Graphene can be defined as a single layer of hybridized sp2 carbon atoms arranged in a honeycomb lattice distribution. Their unique physical characteristics which include high thermal and electrical conductivity, optical transparency and unprecedented mechanical strength, place it as the most promising next-generation electronic material. In addition, its enormous surface area (2630 m2 g-1) together with its chemical versatility provides with a unique 2D platform from which creating nanoscale hybrid materials and composites with enhanced properties suitable for different applications.
The increasing diversity of nanoscale structures requires, however, techniques capable of resolving subtle structural fluctuations and interactions between molecular species on an atomic scale. Transmission electron microscopy (TEM) is an imaging technique that permits direct investigation of the intimate structural details of a wide variety of nanomaterials, especially carbon based nanomaterials, including carbon nanotubes, graphene and graphene derivatives. Recent advances have led to the extensive use of aberration corrected transmission electron microscopes (ac-TEMs), which permit atomic resolution at low electron accelerating voltages and have made great advances in structural elucidation of carbon based materials.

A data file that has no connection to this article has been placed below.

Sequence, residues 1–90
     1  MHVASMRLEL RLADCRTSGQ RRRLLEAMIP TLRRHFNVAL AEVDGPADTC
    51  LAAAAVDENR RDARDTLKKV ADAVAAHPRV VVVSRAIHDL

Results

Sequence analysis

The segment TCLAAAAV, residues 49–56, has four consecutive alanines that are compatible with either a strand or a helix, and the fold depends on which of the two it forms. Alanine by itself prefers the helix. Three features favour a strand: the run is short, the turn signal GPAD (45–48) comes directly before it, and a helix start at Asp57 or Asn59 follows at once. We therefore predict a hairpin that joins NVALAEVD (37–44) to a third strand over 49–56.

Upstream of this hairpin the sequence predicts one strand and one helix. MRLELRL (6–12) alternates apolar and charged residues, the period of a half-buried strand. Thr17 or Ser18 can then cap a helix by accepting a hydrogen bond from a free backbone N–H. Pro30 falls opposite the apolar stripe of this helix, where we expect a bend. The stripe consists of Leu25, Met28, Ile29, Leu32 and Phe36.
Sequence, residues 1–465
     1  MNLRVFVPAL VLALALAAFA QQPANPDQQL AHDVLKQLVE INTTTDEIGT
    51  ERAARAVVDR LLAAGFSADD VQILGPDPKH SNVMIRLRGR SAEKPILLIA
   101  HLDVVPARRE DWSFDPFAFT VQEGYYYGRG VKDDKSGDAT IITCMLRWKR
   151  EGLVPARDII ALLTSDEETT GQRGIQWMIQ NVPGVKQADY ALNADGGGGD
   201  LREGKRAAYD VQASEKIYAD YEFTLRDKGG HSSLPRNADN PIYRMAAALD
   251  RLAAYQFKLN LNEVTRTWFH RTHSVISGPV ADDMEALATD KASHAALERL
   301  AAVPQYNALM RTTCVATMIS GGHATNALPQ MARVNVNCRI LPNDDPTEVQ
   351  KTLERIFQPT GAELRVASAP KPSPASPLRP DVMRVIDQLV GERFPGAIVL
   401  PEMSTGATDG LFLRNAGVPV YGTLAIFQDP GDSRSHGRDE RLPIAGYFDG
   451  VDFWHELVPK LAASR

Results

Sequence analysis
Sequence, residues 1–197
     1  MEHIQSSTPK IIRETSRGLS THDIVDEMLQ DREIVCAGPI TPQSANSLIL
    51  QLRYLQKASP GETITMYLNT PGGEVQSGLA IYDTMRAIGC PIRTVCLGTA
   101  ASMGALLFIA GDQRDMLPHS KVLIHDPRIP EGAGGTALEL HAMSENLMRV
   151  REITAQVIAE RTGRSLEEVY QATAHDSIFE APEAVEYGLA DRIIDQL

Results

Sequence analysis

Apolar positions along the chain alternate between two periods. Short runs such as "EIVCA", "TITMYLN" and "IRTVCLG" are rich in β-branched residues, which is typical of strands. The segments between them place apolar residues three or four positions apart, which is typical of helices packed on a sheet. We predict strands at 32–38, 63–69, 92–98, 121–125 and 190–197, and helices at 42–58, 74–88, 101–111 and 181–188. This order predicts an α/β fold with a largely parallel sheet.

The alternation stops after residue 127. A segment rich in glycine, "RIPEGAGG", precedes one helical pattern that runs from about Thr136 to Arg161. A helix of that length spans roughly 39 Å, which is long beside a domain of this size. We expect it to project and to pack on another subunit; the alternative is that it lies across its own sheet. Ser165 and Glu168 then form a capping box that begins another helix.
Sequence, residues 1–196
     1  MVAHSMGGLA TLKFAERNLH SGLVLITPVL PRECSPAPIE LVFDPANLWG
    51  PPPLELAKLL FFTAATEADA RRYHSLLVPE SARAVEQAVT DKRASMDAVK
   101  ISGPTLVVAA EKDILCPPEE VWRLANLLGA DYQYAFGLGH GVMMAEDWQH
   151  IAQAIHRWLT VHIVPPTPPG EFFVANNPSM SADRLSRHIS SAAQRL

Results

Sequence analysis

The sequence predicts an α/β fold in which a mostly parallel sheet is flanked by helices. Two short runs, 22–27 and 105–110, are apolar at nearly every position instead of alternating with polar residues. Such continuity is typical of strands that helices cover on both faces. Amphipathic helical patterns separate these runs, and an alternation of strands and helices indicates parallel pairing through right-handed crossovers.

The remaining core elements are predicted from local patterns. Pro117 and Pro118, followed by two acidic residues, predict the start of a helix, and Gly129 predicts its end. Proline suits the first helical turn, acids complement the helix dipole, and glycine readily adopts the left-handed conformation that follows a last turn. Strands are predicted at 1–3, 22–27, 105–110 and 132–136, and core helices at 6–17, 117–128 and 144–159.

A key aspect for the rapid development of ac-TEM has been the emergence of electron transparent carbon-based supports that are compatible with the lowering of the accelerating voltage to ≤ 80 kV. Thus, carbon nanotubes and fullerenes have been widely used as molecular cages to isolate and image a wide variety of molecular scale nanostructures. An alternative is the use of ultrathin 2D supports such as graphene, graphene oxide (GO) or boron nitride, which provide an atomically thin electron transparent periodic support that serves as internal calibration, and enables tracking of molecular motion. The use on GO supports allows us to achieve atomic resolution by ac-TEM on a variety of heavy atom molecular clusters (e.g. [Au9(PPh3)8]+ or [CoSiW11O39]6-) deposited on GO (Figure 1).